Rage of Caliban was originally intended to be the series’ second episode, as evidenced by an unwelcome lack of Zed, whose absence is weakly handwaved by an extra line of dialogue mentioning her being at an art class. The intended timing also explains the episode’s Halloween atmosphere – this being when it was originally intended to air – but unfortunately the adulterated significance of the pagan harvest festival also extends to the story.
There’s not much here that hasn’t been seen before in dozens of supernatural horror films, both Eastern and Western, over the last 15 years. A violent spirit possesses young child Henry (Max Irons - The Neighbors), who behaves increasingly like a reject from The Omen, much to the concern of his worrying mother (Laura Regan - My Little Eye) and manly-man father (Niall Matter - A Town Called Eureka, Primeval: New World). The main problem is the sprit has done this before, with things escalating until the parents are left brutally slain but the child untouched, albeit mutely traumatised, and so Constantine and Chas must step in to avert tragedy.
The most interesting part of the routine tale is the idea of the power of names, for without knowing the name of the entity possessing Henry, Constantine is unable to summon or banish it, and still being haunted by Astra’s death he is unwilling to perform an exorcism on a child. The ultimate identity of the entity is an intriguing idea, even if the revelation was signposted by an earlier scene that would otherwise have been utterly pointless.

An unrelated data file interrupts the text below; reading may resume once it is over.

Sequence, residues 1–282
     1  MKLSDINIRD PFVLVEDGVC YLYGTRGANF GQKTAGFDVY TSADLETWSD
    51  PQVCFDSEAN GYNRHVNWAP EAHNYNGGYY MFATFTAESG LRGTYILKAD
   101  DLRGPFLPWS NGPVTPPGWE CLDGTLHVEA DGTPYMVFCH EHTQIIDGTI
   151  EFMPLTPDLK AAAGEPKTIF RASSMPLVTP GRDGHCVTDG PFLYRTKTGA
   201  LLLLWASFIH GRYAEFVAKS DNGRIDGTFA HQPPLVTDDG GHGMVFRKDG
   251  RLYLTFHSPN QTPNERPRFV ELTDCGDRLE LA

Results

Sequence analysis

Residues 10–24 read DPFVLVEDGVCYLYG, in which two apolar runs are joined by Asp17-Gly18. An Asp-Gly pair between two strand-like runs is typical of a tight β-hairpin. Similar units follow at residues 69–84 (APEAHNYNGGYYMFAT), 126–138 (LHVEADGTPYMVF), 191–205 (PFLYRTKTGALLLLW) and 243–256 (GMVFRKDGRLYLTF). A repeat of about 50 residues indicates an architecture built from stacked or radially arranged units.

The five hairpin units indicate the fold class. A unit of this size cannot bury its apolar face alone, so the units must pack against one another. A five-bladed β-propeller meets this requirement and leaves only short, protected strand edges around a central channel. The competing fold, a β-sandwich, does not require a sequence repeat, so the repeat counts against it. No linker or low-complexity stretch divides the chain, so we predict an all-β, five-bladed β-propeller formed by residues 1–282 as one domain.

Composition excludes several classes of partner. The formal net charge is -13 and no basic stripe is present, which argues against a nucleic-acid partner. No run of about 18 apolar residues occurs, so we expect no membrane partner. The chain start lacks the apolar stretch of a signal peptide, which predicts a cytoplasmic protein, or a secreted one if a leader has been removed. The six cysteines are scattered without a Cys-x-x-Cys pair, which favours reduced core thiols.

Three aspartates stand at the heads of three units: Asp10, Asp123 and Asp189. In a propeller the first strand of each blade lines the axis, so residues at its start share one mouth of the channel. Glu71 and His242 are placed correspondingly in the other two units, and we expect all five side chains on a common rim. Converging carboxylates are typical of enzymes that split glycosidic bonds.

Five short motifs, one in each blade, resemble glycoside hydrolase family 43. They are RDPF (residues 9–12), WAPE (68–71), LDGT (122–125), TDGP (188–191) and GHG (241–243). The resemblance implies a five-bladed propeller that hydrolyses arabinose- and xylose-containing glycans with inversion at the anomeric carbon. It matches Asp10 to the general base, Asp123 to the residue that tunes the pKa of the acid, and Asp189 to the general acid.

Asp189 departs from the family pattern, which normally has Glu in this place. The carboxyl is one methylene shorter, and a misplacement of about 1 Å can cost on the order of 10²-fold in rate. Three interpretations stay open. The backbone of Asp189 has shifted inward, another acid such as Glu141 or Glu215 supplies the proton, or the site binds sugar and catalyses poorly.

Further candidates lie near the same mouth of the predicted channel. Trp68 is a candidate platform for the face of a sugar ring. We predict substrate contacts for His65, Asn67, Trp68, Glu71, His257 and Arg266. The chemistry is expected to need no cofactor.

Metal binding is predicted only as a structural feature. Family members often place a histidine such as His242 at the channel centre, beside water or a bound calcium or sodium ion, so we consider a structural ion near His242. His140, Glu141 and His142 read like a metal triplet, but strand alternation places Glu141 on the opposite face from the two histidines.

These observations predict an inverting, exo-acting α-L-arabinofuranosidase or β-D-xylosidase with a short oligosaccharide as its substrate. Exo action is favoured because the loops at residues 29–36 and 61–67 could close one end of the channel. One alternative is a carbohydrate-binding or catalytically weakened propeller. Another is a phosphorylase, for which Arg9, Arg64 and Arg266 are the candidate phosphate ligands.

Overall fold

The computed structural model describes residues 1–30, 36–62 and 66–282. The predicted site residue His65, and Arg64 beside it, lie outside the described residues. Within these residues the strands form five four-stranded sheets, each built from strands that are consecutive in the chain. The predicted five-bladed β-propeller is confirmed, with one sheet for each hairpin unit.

Although Constantine and Chas made a good team and the story gives a little more of an indication of how they operated before the series began and the Rising Darkness began adversely affecting the supernatural world, the episode feels like a big step backwards. The gradual character-building and development has been temporarily suspended as we wade through a story with little mystery or suspense that gives no greater insight into who they are.
The episode title refers to a couple of lines in the preface of Oscar Wilde’s novel The Picture of Dorian Gray, which in turn invokes the bestial character from Shakespeare’s The Tempest after being presented with his own hideous reflection. We can often accept our inherent evil when it remains internal, but if it becomes visually manifested, such as with Dorian Gray and Caliban, it becomes harder to ignore. Here, when presented with the consequences of its wrath the spirit flees its host, only to soon settle into another angry and alone child with bickering parents and the cycle begins anew. Or I could just be reading too much into something possibly referenced merely because it sounds cool.
Like the fantastic series opener, Rage of Caliban was directed by Neil Marshall (Dog Soldiers, The Descent), but compared to the immersive spectacle of his other TV work, such as two of Game of Thrones’ episode-nine-holy-shit instalments – Blackwater and The Watchers On the Wall – this stripped-back ghost story seems like a waste of his talents. While second episode The Darkness Beneath has certainly been one of the series’ weaker instalments, if the promising pilot had instead been followed up with this, the show would likely have lost viewers a lot faster and its future would currently be in even more jeopardy.
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